magnet schools because she said inadequate staffing caused
her daughter's pre-kindergarten class to fall into "chaos."
Principals at the two schools that were the subjects of
the complaints said that when classroom aides are present,
there is adequate staffing.
Behind The Numbers
Many Hartford teachers struggle with student defiance, even
from some young children. In recent years, the teachers'
union has been arguing for a stricter discipline policy.
Hartford Superintendent of Schools Robert Henry won't release
the reasons for the hundreds of suspensions that the district
is not required to report to the state, so it's impossible
to know what criteria principals used.
A review of the punishments that are reported shows that
last year one of the young children took a knife to school,
another was suspended for having drugs or alcohol, a dozen
were suspended for sexual harassment or undisclosed sexual
offenses, and most of the rest of the cases dealt with fights
Although sending a child
home during the day or directing the child to stay home
the next day technically constitutes a suspension, Patsy
V. Darity, Hartford's acting assistant superintendent for
student support services, said she considers suspensions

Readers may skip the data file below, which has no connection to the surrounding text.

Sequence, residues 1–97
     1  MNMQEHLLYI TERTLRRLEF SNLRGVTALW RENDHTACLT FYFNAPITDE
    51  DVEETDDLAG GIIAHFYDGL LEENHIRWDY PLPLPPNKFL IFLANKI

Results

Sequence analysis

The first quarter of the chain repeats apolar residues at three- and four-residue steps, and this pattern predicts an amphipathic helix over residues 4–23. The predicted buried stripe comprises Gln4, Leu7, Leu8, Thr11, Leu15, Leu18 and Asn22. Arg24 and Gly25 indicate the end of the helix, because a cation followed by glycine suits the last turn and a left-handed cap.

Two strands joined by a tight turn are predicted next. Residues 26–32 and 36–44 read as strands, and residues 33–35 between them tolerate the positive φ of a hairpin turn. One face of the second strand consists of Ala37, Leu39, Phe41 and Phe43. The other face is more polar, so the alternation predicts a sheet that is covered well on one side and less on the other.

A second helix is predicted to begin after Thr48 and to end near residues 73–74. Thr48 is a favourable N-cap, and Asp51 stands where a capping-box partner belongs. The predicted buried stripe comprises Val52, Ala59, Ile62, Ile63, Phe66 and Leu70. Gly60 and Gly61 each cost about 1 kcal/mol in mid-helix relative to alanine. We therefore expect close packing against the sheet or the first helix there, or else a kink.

more of a "timeout" for the youngest
students. Because Hartford has a larger enrollment than most
of the other districts in the state, she said, it's not fair
to compare its statistics with those of other cities.
Waterbury reported 371 suspensions of pre-kindergarten,
kindergarten and first-grade students to the state last year,
compared with the 257 in Hartford.
The gap in the numbers of suspensions and those reported
to the state makes it difficult to compare cities or to get
an accurate view of total suspensions across the state. And
it suggests that the state should change its reporting requirements
to require reporting of all suspensions, not just those relating
to school violence, said Paul Flinter, bureau chief for early
childhood education for the state Department of Education.
State Rep. Andrew Fleischmann,
co-chairman of the education committee, said he would support
legislation mandating reporting of all suspensions. "In the case of small children,
it's almost never about a threat to school safety," he
said. "Suspensions of small children should be rare
and far between. When they happen, I want to know why, and
so should any policy-maker."
Parents and some experts in early childhood education say
suspensions of young children reflect directly on the teachers
and their ability to manage their classrooms.